Pronoun use was also highlighted by respondents, with the pronoun ‘they’ being used throughout cutscenes in the game regardless of the player character’s gender (although one respondent did mention that the dialogue occasionally slips up and uses he/him pronouns, even if you are playing as a woman).
Within the Souls series, respondents appreciated that gender is treated as unimportant, not affecting gameplay or altering a person’s ability or skill. Armor appears similarly for men and women, with no sexualized outfits or ‘sexy running’ animations. One respondent appreciated the gender coffin in Dark Souls 2, enjoying the idea that gender was such a relaxed concept within the game that you could step inside a coffin and step out again with your gender altered, demonstrating its fluidity.
However, there were some major issues with gender representation in Dark Souls in relation to the character Dark Sun Gwyndolin. Several respondents listed Gwyndolin as their least favorite representation of gender in games, as the character was assigned male at birth and raised as a daughter, but he/him pronouns are still being used when the character is referred to in the inventory screen. The mixed messages regarding how Gwyndolin is represented have been well-documented online, and undermined the positivity of gender representation in the Souls series for many respondents.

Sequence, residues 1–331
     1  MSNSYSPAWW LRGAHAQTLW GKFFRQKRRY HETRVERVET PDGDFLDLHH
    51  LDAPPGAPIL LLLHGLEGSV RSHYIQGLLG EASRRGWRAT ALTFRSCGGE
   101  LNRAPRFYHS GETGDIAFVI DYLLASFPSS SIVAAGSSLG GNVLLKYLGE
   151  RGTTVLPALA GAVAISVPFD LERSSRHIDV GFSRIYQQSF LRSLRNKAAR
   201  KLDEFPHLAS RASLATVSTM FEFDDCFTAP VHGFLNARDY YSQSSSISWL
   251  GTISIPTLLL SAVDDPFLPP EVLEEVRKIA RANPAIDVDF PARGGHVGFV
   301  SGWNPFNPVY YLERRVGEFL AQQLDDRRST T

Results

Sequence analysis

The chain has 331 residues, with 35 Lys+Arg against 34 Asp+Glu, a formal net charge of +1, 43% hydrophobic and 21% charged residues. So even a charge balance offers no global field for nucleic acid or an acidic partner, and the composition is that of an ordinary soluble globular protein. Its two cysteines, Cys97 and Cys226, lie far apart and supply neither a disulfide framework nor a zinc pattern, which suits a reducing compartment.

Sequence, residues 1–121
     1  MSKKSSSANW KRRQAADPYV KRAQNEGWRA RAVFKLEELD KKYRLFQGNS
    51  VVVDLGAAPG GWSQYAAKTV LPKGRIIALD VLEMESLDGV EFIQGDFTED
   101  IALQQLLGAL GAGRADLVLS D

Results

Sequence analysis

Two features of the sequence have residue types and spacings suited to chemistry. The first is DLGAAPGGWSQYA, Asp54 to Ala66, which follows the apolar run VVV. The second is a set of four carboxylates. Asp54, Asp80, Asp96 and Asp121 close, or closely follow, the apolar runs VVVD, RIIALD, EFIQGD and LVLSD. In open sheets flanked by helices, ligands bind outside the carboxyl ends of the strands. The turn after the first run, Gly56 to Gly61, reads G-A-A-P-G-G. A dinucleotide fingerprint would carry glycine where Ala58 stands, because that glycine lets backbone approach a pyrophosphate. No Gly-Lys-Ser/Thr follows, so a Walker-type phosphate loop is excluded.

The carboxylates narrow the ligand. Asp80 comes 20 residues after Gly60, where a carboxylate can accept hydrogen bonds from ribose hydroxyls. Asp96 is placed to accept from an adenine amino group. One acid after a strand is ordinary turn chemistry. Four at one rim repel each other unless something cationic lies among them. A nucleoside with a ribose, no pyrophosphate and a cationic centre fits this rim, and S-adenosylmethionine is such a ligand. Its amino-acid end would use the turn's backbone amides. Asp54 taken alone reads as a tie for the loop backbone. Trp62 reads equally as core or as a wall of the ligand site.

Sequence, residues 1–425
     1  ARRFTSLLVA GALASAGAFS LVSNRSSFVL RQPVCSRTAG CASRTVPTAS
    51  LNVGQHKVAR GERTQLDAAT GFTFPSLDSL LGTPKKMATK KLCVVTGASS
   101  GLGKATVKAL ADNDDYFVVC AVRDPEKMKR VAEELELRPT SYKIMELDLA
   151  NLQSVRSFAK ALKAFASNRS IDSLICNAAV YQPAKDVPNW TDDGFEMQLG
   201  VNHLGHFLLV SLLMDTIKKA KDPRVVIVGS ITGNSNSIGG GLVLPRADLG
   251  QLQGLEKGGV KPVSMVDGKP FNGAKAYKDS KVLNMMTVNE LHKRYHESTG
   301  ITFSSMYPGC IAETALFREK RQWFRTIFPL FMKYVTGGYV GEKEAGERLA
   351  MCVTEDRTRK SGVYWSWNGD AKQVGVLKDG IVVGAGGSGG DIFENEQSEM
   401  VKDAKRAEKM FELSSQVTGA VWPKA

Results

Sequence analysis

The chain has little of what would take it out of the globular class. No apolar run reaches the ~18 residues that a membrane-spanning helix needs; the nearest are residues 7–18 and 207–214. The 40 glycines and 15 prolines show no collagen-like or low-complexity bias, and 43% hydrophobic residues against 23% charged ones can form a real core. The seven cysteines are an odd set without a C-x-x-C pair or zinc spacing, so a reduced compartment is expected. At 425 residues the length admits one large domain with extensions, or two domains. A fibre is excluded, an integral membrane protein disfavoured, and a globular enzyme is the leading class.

Representation in Sunless Sea was similar to that of Fallen London, which is understandable considering both titles were developed by Failbetter Games. The character creation process of Sunless Sea allows you to choose from a number of gender options through a list of titles, with some gendered (like ‘Madam’ or ‘Sir’) and others gender neutral (like ‘Captain’ and ‘Citizen’). Respondents appreciated that this choice of title is made separately to choices like character portraits and relationships.
This representation extends to NPCs with a number of them also presenting as gender ambiguous; respondents praised this, as it ensures that the player character is not a single queer representation within a heteronormative, gender binary society.